Specialising in
Grey Water
Rainwater Harvesting systems in South Africa .

Dams show downward trend

The content levels of dams serving Cape Town are showing a worrying downward trend and experts warn that residents should take water saving seriously.

Residents should be saving water now. Hely-Hutchinson dam. Photo: J Hallward

Forecasters say winter rainfall will be lower than normal or average this year.

Peter Johnstone of UCT’s Climate Systems Analysis Group said dams were at their lowest levels in the past five years.

“It doesn’t look like there will be lots of rain; it will be normal and below normal until the end of July.

“If we don’t get full dams this year, next year we will have even (lower levels)… With very little rain forecast for this winter, it would appear likely that the situation would worsen next year,” Johnstone said.

This view was echoed by local water specialist Jeremy Taylor. Continue reading Dams show downward trend

Residents urged to conserve water

Posted by: Saving Water SA (Cape Town, South Africa) – partnered with Water Rhapsody conservation systems – 18 Nov 2011

Capetonians could face stricter water restrictions as dam levels hit a four-year low.

Save good quality drinking water - use grey water for irrigation

Low-level restrictions are already in place including a ban on watering gardens between 10am and 4pm.

Adding to the low dam levels, rainfall this year has also been below average.

A UCT climatologist said of the past 10 months, eight had had below-average rainfall. May, June and July, usually the wettest months, were “drier than normal”.

Climate models showed this situation was likely to become more common in the years ahead and it could drive up the price of water.

Residents were being urged to conserve water. This appeal comes as climate change is expected to lead to rising temperatures and changes in rainfall patterns.

The City of Cape Town’s water department was due to meet the Department of Water Affairs and Forestry on Wednesday but has not released any details.

The city’s draft annual report says 19 percent of water was “unaccounted for”. This term refers to the difference in the amount of water purchased and in the city’s distribution system, compared with the amount which is sold to customers. Continue reading Residents urged to conserve water

Does it take a genius to predict drought?

Posted by: Saving Water SA (Cape Town, South Africa) – partnered with Water Rhapsody conservation systems – 23 January 2011

By: Jeremy Westgarth-Taylor – Founder of Water Rhapsody.  Inventor of all the Water Rhapsody Systems.

While the fear of water restrictions work in favour of those of us who are involved in water conservation, it would be preferable for all of us to have smoothed restrictions rather than an all or nothing scenario.  All of us mean the population at large, the municipality, the Department of Environmental Affairs as well as Water Rhapsody. Please let me explain…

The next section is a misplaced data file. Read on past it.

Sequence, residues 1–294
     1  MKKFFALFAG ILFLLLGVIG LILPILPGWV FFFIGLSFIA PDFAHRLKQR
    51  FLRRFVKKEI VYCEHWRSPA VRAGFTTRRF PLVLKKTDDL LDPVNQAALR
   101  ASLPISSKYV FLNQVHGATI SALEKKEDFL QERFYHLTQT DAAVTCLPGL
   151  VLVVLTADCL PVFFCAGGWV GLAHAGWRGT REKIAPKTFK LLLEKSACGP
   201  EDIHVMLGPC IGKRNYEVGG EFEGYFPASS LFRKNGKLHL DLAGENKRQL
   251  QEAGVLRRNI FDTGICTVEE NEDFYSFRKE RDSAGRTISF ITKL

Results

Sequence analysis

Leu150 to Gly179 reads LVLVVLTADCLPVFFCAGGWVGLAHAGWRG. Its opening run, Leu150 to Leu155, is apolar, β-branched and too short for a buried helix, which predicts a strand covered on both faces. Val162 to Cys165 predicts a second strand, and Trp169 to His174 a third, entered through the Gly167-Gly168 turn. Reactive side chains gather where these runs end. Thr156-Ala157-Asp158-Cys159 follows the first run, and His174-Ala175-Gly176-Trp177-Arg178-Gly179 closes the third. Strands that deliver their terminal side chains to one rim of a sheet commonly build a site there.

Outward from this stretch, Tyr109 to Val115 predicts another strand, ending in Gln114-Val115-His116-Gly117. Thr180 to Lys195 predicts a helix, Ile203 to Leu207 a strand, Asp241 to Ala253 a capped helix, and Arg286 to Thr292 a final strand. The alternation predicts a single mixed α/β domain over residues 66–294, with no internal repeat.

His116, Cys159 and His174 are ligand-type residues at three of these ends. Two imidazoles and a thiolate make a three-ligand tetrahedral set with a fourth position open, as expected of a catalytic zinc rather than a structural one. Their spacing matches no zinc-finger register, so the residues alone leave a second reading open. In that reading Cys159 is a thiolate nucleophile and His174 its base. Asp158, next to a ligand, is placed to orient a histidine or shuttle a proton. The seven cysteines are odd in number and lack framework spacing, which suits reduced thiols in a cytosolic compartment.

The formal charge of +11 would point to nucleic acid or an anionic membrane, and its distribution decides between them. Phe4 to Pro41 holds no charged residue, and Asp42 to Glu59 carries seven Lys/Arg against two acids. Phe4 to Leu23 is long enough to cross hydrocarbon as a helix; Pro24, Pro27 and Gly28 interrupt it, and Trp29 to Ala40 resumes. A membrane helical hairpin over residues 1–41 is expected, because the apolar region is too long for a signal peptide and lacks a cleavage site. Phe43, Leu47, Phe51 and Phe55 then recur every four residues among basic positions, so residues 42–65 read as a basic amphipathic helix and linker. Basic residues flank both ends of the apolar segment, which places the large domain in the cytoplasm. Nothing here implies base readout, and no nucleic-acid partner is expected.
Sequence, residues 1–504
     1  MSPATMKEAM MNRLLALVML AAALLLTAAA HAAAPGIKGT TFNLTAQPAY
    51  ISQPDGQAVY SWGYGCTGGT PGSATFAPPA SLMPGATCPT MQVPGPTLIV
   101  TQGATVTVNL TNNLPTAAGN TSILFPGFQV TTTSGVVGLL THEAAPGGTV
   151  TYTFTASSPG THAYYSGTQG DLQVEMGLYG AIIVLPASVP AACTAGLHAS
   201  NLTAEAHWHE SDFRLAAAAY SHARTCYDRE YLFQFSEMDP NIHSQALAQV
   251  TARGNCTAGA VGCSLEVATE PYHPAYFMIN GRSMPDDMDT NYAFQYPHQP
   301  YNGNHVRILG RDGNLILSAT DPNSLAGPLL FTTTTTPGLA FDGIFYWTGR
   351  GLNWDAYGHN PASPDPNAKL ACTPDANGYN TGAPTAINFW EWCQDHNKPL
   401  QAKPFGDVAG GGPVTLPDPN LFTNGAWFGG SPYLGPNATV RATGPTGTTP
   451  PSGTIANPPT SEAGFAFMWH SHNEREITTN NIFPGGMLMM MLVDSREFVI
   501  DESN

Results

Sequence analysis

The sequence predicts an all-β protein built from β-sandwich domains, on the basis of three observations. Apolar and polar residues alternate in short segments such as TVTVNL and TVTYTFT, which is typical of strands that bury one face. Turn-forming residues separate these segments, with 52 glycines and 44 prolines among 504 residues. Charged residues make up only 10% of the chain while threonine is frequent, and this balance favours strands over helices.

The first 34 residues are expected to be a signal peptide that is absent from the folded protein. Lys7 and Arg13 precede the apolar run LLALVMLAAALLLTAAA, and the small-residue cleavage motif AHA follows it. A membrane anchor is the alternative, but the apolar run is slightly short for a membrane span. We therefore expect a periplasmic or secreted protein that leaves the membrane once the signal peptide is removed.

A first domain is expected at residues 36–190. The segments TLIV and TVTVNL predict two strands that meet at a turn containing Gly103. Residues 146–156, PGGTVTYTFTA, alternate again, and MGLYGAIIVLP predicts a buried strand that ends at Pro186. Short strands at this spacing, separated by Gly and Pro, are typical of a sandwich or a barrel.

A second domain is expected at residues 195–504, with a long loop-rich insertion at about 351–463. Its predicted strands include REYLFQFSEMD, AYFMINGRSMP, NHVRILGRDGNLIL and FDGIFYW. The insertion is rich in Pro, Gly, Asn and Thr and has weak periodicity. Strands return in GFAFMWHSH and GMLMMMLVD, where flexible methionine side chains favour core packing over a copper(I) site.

Although the upper Steenbras is almost full the majority of this water is stored for electricity power generation

Cycle of drought

Six, seven years or perhaps even eight years may elapse between one and the next season of drought.  These years between drought cycles are winter months in Cape Town of higher than average rainfall, and the reverse in the northern regions of South Africa where we get summer rains. During these years of higher than average rainfall, all thought of the fact that we live in a water poor region of the world, is forgotten.  Forgotten is the notion of drought by the bureaucrats and politicians that run our city.  Drought is a long forgotten figment in the memory of the population at large as well.  Every drought season, virtually a whole new generation needs to be re-educated in our need to use less water, and how to use less of the precious stuff.  We should not forget what was written in biblical times that we have seven years of drought and seven years of plenty.  While some areas north of Cape Town are experiencing floods of the magnitude seen but forgotten, the floods normally coincide with drought in the Western Cape.

During the years of drought in the Western Cape from 2000 to 2004, Capetonians had restrictions and increases in water tariffs imposed the like of which we hadn’t seen before.  The city even appointed some officers to police water use, which officers disappeared into the woodwork (redeployed), and after higher than average rainfall fell in 2005 all restrictions were lifted with the exception of daily irrigation times(no watering between the times of ten till four 0’clock).  Laughable though it is, this is the only water restriction left, and no police to check on this.  It would be silly too to deploy a police force to check up whether or not you were watering your garden a 10.30 in the morning! Continue reading Does it take a genius to predict drought?

South Africa prepared for 2010 ecological impact

Posted by: Saving Water SA (Cape Town, South Africa) – partnered with Water Rhapsody conservation systems – 02 June 2010

Like any major fixture involving large crowds of people and infrastructure there is a cost: the environmental impact. One feasibility study found that the 2010 event will generate a staggering 2.8 million tons of carbon […]

PetroSA to invest in desalination plant

Posted by: Saving Water SA (Cape Town, South Africa) – partnered with Water Rhapsody conservation systems – 27 May 2010

State-owned oil company PetroSA is to invest R80 million in the construction of a 200 cubic metre an hour desalination plant. The construction of the plant would alleviate the impact of drought in Mossel Bay […]